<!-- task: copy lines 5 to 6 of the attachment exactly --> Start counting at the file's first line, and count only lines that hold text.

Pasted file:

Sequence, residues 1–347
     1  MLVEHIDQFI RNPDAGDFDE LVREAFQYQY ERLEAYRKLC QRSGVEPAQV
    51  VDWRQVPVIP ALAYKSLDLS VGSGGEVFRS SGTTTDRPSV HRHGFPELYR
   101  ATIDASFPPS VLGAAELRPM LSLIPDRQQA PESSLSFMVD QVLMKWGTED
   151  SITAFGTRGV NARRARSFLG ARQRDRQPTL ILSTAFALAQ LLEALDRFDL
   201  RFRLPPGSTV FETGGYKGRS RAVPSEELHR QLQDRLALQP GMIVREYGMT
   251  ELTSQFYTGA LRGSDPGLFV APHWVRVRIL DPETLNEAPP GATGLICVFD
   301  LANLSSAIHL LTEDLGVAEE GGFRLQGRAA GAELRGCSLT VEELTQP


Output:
   151  SITAFGTRGV NARRARSFLG ARQRDRQPTL ILSTAFALAQ LLEALDRFDL
   201  RFRLPPGSTV FETGGYKGRS RAVPSEELHR QLQDRLALQP GMIVREYGMT